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American Copper (Lycaena phlaeas)


Detailing the physical features, habits, territorial reach and other identifying qualities of the American Copper.

 Updated: 3/15/2018; Authored By Staff Writer; Content ¬©www.InsectIdentification.org




Though found on other continents, the American Copper is one of North America's most popular and wide-ranging butterflies.



Thought to have emigrated from Europe, the American Copper adapted well to its new home. Ranging throughout almost every state and province, the American Copper is ubiquitous, and can be found in a variety of habitats. In the east, look for them in fields and pastures as well as roadsides and meadows. In the west, look for them in higher elevations on hiking trails and outcroppings of vegetation among the rocks. Adults are active from mid-spring through the end of autumn. They drink nectar from a variety of flowers like clover, yarrow and buttercups.

When resting with wings flat, one can admire the bright orange color that covers most of the forewings of the American Copper. The hindwings are mostly brown with a faint black circle near the midline on each. Both sets of wings are bedecked with medium-sized black dots; spread out on the forewing, and along the bottom edge of the hindwing. A white fringe borders all wings. When the wings are raised, The American Copper looks like an altogether different butterfly. The rich tawny brown is replaced with whitish-gray. The underside of the forewing is still largely orange, but the hindwing is mostly gray with three rows of small black dots. A thin, bright, orange-red line traces the bottom edge of the hindwing near the fringe.

Caterpillars of the American Copper are fond of eating the leafy parts of sheep and alpine sorrel, a plant from the buckwheat family. Curly dock, another ground-level leafy plant, is also preferred. Their bodies are green and plump, completely covered in very short hairs. The side of each segment has a tiny yellow dot and its tail end tapers. Two to four broods can be produced in one year with more occurring in the warmer states of the U.S. and Mexico.




Taxonomic Hierarchy
Kingdom: Animalia
  Phylum: Arthropoda
    Class: Insecta
      Order: Lepidoptera
        Family: Lycaenidae
          Genus: Lycaena
            Species: phlaeas
Identifying Information
Scientific Name: Lycaena phlaeas
Other Name(s): Common Copper, Flame, Copper, Small Copper
Category: Butterfly or Moth
Size (Adult; Length): 22mm to 28mm (0.86in to 1.09in)
Colorwheel Graphic Colors: orange, brown, white, black, gray
Descriptors: dots, spots, two-toned, band, fringe, small, flying
Territorial Map
Alaska  
Hawaii  
Prince Edward Is.  
State of Alabama graphic
State of Arizona graphic
State of Arkansas graphic
State of California graphic
State of Colorado graphic
State of Delware graphic
State of Florida graphic
State of Georgia graphic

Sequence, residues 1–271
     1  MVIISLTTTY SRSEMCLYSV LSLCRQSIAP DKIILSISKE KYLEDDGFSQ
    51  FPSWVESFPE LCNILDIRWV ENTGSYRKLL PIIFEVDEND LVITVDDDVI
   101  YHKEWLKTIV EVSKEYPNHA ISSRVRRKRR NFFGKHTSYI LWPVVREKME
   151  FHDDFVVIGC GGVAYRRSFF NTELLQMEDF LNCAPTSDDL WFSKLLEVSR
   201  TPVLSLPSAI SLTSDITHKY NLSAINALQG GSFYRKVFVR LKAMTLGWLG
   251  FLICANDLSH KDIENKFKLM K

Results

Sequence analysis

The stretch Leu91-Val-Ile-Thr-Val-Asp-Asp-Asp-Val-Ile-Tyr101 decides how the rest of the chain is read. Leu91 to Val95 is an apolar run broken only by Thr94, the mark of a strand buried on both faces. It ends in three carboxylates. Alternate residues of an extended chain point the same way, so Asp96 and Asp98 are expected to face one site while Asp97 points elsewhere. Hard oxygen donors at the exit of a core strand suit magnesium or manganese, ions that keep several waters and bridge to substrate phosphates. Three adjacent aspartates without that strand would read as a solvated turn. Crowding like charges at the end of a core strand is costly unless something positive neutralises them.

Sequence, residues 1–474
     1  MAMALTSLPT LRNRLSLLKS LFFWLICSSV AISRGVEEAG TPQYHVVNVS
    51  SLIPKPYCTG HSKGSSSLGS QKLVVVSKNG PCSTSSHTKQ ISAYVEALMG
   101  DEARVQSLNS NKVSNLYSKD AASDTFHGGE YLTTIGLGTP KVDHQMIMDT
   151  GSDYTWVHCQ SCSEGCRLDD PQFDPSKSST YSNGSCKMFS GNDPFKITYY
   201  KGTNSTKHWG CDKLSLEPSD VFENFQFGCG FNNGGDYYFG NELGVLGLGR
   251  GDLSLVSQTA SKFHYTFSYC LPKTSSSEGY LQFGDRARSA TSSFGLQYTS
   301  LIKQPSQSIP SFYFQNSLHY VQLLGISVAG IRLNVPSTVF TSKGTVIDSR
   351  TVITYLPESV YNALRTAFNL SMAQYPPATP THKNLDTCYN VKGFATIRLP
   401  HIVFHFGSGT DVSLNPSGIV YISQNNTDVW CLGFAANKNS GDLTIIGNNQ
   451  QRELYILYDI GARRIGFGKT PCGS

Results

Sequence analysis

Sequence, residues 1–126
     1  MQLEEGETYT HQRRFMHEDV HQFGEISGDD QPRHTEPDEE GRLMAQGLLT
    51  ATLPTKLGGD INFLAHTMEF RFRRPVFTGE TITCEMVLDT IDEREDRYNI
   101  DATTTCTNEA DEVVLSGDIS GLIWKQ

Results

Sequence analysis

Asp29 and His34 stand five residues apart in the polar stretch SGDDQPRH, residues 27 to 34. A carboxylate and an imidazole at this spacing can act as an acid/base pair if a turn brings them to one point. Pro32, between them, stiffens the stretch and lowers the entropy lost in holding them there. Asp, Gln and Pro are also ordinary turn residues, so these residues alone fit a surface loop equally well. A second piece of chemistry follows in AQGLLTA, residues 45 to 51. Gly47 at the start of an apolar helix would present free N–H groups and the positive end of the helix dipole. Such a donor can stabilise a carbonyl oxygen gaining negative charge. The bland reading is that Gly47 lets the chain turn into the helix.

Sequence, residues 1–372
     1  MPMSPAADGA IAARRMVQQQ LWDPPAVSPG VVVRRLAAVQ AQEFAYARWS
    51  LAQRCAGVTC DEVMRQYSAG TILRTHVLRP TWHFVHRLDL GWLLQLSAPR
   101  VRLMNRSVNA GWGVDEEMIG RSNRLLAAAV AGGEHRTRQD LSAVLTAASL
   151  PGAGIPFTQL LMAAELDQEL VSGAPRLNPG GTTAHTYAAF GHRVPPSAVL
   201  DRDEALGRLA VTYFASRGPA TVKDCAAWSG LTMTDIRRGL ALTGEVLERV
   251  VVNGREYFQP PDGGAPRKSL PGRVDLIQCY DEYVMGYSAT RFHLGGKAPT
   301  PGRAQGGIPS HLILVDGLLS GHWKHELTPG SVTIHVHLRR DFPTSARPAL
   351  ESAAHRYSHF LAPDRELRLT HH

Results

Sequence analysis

State of Idaho graphic
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State of Louisiana graphic
State of Maine graphic
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State of Nebraska graphic
State of Nevada graphic
State of New England graphic
State of New Jersey graphic
State of New Mexico graphic
State of New York graphic
State of North Carolina graphic
State of North Dakota graphic
State of Ohio graphic
State of Oklahoma graphic
State of Oregon graphic
State of Pennsylvania graphic
State of South Carolina graphic
State of South Dakota graphic
State of Tennessee graphic
State of Texas graphic
State of Utah graphic
State of Virginia graphic
State of Washington graphic
State of West Virginia graphic
State of Wisconsin graphic
State of Wyoming graphic
Canadian territory of Alberta graphic
Canadian territory of British Columbia graphic
Canadian territory of Manitoba graphic
Canadian territory of New Brunswick graphic
Canadian territory of Newfoundland and Labrador graphic
Canadian territory of Ontario graphic
Canadian territory of Quebec graphic
Canadian territory of Saskatchewan graphic
Territory map graphic of the country of Mexico
Contiguous United States shape map layer graphic


Territorial Reach (A-to-Z)
Alabama
Alaska
Arizona
Arkansas
California
Colorado
Connecticut
Delware
Florida
Georgia
Hawaii
Idaho
Illinois
Indiana
Iowa
Kansas
Kentucky
Louisiana
Maine
Maryland
Massachusetts
Michigan
Minnesota
Mississippi
Missouri
Montana
Nebraska
Nevada
New Hampshire
New Jersey
New Mexico
New York
North Carolina
North Dakota
Ohio
Oklahoma
Oregon
Pennsylvania
Rhode Island
South Carolina
South Dakota
Tennessee
Texas
Utah
Vermont
Virginia
Washington
West Virginia
Wisconsin
Wyoming
Canadian National Flag Graphic
Alberta
British Columbia
Manitoba
New Brunswick
Newfoundland and Labrador
Nova Scotia
Ontario
Prince Edward Island
Quebec
Saskatchewan
Mexican National Flag Graphic
Mexico
Note: An insect's reach is not limited by lines drawn on a map and therefore species may appear in areas, regions and/or states beyond those listed above as they are driven by environmental factors (such as climate change), available food supplies and mating patterns. Grayed-out selections indicate that the subject in question has not been reported in that particular territory. U.S. states and Canadian provinces / territories are clickable to their respective bug listings.




Butterfly and Moth Anatomy
Graphic showing basic anatomy of a common North American butterfly and moth insect
1
Antennae: Butterflies and Moths have a pair of antennae on the head used as sensors.
2
Head: The head is home to the insect's eyes, antennae, and proboscis.
3
Thorax: Home to the three pairs of legs as well as vital internal organs.
4
Abdomen: Contains vital internal organs such as the heart(s) and reproduction facilities.
5
Forewing: The upper, forward wing pair used for flying.
6
Hindwing: The lower, rearward wing pair used for flying.
NOTE: Butterflies and Moths are part of the Lepidopteran order as they share many similarities.